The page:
Housing activist Wendy Pedersen demands more of Premier Campbell

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      Here is an extended excerpt of a speech given by Carnegie Community Action Project spokesperson  Wendy Pedersen at a housing protest outside the Union of B.C. Municipalities convention on Friday (October 3):

      We want more social housing. We want better incomes....[Premier Gordon Campbell]  could help the municipalities. All of the mayors and councillors who are here today could be helped if Campbell would put money in housing. He could help so many people.

      In terms of spending, that trade and convention centre cost almost a billion dollars.  A billion dollars would buy 4,250 deluxe, inner-city homes for people who cannot compete in the hyper real-estate market.

      They're spending a billion on security [for the Olympics]. That would buy almost 5,000 really deluxe, great homes for people who can't afford them.

      Campbell announced two years ago—in this spot at the UBCM—he announced he was going to have a housing budget. And he was going to put $250 million in a housing endowment fund.

      Guess where that money is now? It's in the bank. It's not being spent on housing.

      That $250 million would buy 1,200 units of decent, wonderful housing right now. It would help the economy. It would help jobs. And it would be decent and humane for the people who need them.

      You know there is 12,000 to 15,000 homeless people across British Columbia. Why are the priorities not homelessness at this convention?

      British Columbia has the great record now for the sixth year in a row of having the highest poverty in Canada. The highest poverty rate. Right here in British Columbia. It's so not right.

      So another thing Campbell promised two years ago at this convention—he promised to build 1,200 units of housing in the city of Vancouver. Guess how many are built? None. They're coming.

      Why did we get all of the Olympic projects on time and why don't we get our miniscule housing projects on time? We're not even getting minuscule.

      So you know, my queston before I turn it over is—I want to know what the premier, what he plans to do, with the 700 people who are homeless in my neighbourhood, the Downtown Eastside.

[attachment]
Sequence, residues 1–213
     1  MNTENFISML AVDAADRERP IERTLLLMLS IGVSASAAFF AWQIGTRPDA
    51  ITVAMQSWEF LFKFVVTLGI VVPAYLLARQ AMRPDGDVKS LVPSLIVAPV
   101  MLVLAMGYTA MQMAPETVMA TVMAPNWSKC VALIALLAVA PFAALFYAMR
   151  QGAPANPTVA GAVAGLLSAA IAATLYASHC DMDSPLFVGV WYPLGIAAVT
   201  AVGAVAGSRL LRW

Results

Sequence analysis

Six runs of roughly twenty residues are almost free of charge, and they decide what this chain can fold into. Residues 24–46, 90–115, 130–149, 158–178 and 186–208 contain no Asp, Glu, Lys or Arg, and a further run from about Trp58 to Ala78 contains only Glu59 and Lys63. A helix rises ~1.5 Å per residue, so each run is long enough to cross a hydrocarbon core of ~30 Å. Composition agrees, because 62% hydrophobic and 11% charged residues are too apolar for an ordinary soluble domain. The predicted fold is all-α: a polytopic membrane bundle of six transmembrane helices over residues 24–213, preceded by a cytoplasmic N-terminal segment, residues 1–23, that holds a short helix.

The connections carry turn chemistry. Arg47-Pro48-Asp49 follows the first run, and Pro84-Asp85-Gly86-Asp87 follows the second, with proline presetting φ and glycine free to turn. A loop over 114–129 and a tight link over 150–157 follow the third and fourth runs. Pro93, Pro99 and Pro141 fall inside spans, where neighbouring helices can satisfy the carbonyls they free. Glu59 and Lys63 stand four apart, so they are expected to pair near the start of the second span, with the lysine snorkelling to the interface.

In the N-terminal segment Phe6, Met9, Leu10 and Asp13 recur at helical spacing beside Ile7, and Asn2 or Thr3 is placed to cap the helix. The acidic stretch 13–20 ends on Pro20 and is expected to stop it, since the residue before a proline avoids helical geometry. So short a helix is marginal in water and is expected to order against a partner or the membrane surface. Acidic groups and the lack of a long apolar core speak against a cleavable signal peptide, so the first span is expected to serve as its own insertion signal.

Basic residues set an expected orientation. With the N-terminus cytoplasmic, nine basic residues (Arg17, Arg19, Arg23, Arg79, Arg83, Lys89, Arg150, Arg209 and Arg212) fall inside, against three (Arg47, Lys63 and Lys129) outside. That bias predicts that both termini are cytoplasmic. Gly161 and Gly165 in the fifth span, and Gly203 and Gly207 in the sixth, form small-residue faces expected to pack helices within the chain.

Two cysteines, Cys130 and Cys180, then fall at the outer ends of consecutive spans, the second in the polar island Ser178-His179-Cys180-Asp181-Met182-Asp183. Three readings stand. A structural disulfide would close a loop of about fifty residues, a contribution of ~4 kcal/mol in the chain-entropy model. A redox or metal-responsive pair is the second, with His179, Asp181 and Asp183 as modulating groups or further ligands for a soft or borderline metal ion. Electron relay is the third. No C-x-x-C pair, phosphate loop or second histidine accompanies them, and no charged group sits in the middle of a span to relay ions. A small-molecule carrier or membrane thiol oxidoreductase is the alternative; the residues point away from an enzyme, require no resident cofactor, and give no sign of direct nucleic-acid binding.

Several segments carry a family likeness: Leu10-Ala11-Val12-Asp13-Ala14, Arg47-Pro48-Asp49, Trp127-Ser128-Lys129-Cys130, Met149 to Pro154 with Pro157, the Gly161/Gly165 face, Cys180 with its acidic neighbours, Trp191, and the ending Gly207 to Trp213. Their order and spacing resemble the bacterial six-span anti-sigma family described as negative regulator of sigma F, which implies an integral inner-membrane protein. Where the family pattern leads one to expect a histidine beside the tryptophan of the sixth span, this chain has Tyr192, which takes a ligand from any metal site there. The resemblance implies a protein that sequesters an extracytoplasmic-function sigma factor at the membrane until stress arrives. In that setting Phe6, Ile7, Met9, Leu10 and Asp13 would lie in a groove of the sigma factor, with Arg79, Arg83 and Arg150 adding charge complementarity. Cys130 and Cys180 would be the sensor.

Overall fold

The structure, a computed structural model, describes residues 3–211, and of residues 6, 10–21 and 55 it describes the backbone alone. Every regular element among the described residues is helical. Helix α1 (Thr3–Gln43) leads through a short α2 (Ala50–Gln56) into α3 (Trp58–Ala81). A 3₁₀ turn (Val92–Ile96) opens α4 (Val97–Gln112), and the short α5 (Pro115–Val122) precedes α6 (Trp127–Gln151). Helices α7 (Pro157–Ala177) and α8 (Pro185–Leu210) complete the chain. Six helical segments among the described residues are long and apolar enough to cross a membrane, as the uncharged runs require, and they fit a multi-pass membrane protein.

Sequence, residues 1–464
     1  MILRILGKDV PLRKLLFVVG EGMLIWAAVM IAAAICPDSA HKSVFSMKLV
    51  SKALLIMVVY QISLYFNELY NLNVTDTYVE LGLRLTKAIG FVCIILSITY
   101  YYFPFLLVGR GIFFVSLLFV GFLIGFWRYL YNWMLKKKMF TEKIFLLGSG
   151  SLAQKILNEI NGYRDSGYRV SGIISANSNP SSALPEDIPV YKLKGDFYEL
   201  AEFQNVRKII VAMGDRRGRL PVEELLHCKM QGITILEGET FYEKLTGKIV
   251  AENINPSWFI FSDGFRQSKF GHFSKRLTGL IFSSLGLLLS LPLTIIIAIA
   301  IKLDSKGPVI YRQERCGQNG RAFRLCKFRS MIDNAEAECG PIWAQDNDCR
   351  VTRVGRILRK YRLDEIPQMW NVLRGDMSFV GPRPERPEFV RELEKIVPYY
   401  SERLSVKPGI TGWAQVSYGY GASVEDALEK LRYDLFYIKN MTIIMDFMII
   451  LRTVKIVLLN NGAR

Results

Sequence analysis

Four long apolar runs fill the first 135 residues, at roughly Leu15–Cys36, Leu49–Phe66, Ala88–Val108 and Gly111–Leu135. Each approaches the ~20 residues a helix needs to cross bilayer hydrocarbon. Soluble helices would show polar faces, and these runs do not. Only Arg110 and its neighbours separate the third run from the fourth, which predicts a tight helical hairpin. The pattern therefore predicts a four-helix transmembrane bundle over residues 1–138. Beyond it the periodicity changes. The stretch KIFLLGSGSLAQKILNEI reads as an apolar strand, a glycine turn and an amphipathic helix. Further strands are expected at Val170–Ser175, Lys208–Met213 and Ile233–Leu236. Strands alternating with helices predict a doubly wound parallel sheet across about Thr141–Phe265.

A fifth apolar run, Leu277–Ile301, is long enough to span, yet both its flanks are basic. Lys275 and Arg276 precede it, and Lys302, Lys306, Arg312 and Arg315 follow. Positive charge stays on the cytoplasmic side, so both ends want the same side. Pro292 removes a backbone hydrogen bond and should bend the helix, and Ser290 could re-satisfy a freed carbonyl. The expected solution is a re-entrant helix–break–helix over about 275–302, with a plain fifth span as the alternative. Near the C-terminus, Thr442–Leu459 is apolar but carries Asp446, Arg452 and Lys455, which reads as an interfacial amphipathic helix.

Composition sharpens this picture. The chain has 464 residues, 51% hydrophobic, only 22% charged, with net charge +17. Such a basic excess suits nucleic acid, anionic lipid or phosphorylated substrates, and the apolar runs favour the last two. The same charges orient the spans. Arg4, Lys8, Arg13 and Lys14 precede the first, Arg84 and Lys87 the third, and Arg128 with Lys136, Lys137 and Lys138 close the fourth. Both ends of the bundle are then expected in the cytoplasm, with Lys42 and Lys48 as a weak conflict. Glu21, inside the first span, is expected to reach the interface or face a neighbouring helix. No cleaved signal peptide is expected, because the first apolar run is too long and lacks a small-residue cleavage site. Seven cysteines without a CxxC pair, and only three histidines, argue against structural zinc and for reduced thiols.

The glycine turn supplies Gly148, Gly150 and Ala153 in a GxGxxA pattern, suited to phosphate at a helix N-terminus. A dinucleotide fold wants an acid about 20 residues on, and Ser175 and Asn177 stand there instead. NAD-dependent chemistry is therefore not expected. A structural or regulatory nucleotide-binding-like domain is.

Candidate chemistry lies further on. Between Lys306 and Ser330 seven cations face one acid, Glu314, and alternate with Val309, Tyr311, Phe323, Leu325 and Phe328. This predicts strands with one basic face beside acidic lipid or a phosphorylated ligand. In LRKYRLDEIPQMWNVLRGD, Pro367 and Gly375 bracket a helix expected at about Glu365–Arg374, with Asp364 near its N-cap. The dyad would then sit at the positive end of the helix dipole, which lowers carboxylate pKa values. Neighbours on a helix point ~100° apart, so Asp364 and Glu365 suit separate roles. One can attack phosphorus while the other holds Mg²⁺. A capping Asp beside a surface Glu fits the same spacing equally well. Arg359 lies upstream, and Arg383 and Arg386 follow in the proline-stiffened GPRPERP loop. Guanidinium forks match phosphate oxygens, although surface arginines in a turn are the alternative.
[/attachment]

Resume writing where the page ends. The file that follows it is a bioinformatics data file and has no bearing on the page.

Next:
What does he plan to do with the 5,000 people who are living in the crappiest housing conditions in Canada in the single-room-occupancy hotel rooms?

      What is he planning to do? Is it going to take him 53 years—that we calculate at the rate they're going—that it will take to replace those homes? We need a home-building program.

      And what is he going to do for the kids in Strathcona at the elementary school? Their parents are choosing between whether they're paying their rent or whether they're feeding their kids.

      Comments

      2 Comments

      I want a free house too!

      Oct 6, 2009 at 3:00pm

      Let's take a little bit of money from everyone in the province and give it to me so that I can have one. That would be fair to everyone else, right? Maybe I'm homeless and drug addicted, maybe I'm 'working poor', or maybe I work pretty hard, enough to support myself and maybe get a house 15 years or so down the road in the 'burbs. Is it any more or less fair for me to get a free house from the other taxpayers because of my ability/inclination to earn money?

      Man it would be sweet to shoot heroin every day, get people to put money in my cup, and then come home to a free house. Go socialism.

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      Just a Dream...unfortunately

      Oct 18, 2009 at 5:19pm

      It is a sad but true statement, British Columbia is one of the few Provinces to still build housing in this country. Canada through devolution of social programs has transferred this responsibilty to provinces, who in turn devolve it to municipalities. Do a little reseach and check out the Canadian Health and Social Transfer Agreement, once you do that , you can see how the federal liberals under Cretien/Martin, where able to maintain surplus' from 1996 until recently.Interestly enough the majority of voters do not realize this, and then blame one level of government while letting the other levels off. This process impacts all social program areas, what this country use to stand for has diminished significantly since 1996, thats why you see healthcare all over the map, from province to province. I think we would be better off just separating from Canada, as it just cost us too much, and then perhaps all the money we send to Ottawa can be put into much needed programs here.

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